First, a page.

One of the most significant issues seniors face is losing independence. All other challenges seem to pale in comparison. Whether due to financial hardship, failing health or anxiety from social isolation, the resulting problems without a doubt intrude on the ability to remain independent.
Whether a newbie senior of 65 or at the advanced end of the continuum; the reality is that loss of independence affects different people differently. It is most often experienced as a very real obstacle; can easily bring on fear and weaken peace of mind for many. Let’s face it, people at every age value their independence; in fact, likely take it for granted. Turning 65 does not mean you value independence any less.
It would be fair to say that most senior citizens are affected by declining autonomy in some way…
- Failing health is right at the top of the list. Regrettably, many seniors suffer from physical and mental diseases. Many conditions and illnesses compromise mobility leaving seniors unable to live independently or take care of themselves. Unfortunately, it can be hard to admit new limitations and accept help. Relying on others often impacts self esteem and many older people may experience depression when their independence fades away.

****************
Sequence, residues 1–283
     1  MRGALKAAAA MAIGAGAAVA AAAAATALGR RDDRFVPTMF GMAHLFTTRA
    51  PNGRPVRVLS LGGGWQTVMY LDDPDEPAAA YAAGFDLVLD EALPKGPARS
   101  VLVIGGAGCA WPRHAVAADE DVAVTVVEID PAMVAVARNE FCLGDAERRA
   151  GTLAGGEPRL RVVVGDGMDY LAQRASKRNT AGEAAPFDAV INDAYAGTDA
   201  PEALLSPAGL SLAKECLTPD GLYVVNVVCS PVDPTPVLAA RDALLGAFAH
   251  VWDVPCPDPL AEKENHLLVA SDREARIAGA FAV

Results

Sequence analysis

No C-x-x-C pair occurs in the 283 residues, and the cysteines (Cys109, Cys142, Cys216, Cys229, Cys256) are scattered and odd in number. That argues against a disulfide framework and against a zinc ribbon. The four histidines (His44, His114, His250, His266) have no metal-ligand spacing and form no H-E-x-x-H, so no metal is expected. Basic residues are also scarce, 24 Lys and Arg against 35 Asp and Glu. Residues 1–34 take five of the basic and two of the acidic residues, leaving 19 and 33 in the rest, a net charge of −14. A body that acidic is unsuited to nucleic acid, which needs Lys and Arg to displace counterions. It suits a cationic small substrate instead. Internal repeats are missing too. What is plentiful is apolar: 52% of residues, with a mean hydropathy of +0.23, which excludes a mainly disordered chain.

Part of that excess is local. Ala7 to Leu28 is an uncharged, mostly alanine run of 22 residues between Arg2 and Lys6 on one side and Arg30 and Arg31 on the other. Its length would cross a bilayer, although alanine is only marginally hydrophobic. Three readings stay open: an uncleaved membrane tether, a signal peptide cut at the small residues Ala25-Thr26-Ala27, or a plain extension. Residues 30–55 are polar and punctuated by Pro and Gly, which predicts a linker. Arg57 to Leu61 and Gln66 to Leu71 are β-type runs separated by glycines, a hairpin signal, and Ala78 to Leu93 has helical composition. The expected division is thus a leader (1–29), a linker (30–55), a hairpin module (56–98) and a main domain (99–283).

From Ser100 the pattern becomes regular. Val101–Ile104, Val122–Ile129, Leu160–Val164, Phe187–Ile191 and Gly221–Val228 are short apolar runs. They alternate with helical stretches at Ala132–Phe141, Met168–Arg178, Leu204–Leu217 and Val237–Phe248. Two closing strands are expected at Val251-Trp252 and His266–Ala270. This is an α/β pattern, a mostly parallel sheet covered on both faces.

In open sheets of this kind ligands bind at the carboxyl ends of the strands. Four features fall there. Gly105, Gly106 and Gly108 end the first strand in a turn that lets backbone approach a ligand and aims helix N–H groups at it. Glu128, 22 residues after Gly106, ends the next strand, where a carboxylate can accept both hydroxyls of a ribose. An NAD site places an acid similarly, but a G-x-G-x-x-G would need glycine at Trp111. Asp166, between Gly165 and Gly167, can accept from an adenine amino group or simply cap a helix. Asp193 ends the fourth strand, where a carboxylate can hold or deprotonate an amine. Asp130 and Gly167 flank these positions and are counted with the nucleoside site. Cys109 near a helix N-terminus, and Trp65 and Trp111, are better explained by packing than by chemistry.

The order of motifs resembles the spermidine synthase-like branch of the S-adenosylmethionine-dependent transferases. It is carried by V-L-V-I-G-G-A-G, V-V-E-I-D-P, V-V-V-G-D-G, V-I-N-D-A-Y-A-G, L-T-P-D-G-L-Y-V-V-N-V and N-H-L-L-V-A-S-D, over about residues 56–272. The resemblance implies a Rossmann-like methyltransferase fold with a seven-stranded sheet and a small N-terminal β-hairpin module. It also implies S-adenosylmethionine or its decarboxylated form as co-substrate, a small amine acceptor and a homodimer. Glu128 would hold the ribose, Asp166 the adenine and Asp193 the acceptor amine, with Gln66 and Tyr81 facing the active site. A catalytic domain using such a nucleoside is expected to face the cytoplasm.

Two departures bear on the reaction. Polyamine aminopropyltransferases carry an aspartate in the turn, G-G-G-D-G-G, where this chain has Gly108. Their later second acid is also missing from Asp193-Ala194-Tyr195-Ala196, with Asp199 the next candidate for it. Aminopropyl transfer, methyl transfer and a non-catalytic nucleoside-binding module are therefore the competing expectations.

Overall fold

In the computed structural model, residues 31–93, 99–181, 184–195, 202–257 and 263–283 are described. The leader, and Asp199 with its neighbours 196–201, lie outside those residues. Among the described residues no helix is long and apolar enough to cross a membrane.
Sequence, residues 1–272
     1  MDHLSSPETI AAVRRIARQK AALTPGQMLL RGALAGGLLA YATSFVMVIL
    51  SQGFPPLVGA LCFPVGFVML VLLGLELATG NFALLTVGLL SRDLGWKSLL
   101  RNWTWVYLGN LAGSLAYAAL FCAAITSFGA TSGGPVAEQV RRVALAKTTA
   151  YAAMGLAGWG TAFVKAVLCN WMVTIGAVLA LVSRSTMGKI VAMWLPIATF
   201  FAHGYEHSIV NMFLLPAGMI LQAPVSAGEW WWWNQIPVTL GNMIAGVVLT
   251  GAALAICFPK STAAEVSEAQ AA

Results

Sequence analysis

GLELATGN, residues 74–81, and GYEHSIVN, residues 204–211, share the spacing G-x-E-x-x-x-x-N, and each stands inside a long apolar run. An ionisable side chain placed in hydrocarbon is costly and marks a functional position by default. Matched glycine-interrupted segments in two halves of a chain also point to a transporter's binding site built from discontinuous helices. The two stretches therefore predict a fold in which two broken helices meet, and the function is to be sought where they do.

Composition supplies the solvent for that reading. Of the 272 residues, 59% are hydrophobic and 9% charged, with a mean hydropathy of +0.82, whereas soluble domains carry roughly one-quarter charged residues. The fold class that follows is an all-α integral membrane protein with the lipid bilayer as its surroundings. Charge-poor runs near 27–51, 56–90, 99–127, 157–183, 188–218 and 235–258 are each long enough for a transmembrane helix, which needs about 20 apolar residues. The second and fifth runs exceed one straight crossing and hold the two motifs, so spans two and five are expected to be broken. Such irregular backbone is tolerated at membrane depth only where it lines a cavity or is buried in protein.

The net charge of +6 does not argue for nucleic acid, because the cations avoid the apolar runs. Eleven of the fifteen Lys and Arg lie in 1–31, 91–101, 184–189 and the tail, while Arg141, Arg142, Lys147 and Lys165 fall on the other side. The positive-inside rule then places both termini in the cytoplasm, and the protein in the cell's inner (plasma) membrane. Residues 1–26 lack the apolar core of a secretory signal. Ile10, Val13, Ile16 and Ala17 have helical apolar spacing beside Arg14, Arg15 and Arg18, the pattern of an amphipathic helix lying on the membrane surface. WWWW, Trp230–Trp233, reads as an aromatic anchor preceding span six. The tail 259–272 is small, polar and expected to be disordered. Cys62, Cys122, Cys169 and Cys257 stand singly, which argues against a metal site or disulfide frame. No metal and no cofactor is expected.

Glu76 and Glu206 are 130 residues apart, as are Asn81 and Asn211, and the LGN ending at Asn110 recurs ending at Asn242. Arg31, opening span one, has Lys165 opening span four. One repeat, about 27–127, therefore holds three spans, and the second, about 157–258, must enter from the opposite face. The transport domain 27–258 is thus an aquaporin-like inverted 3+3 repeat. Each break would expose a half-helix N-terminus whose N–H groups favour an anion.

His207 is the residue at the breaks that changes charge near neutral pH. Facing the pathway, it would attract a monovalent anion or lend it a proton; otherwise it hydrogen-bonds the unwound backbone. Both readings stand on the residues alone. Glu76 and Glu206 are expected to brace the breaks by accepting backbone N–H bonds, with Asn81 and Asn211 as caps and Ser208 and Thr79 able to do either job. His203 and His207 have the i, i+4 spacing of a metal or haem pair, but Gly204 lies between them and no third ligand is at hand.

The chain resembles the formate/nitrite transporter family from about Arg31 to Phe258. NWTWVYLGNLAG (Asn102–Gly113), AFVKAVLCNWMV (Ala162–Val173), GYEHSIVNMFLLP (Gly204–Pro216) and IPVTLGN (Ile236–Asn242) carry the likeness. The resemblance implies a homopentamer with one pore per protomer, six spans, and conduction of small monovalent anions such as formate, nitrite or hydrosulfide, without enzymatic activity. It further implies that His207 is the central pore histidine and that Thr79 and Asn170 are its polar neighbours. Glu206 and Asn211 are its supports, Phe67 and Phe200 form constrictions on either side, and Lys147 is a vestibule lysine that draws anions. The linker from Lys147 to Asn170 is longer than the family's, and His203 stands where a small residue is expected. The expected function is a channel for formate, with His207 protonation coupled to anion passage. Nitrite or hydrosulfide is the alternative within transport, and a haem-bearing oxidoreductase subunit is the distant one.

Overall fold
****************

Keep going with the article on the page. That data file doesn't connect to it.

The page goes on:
- Financial hardship is very likely to threaten independence and pure pride can prevent many seniors from asking for help.
- Loneliness, lack of emotional support and lack of companionship or social support can leave elderly men and women vulnerable; potentially impacting health and well being. The established belief, one that is supported by the World Health Organization (2003) is that social isolation and omission are associated with “increased rates of premature death, lower general well-being, more depression, and a higher level of disability from chronic diseases.” ①http://www.health.gov.bc.ca
- Fear can be devastating as the senior sees his abilities gradually crumbling away. Visual impairment can lead to loss of driving; physical decline can result in decreased productivity; cognitive decline and hearing loss create feelings of isolation and confusion; medical problems interfere with mobility.
We all treasure our freedom and autonomy; we all take it for granted and if we live long enough, we ourselves may experience limited independence. Ultimately, every generation depends on the next generation to “pay it forward” and help when self sufficiency lessens. At every age it takes a village…hopefully we can all demonstrate the kindness and compassion needed to care for acquaintances, friends, loved ones, others who face the problem of losing independence.
Author Jill Poser is our Director of Life Care Planning at Advocare. Advocare’s life care planning services empower seniors with a comprehensive, proactive plan to maintain maximum independence and health and deal with challenges of aging, disability, and chronic illness. Reach out to us today for a no cost consultation.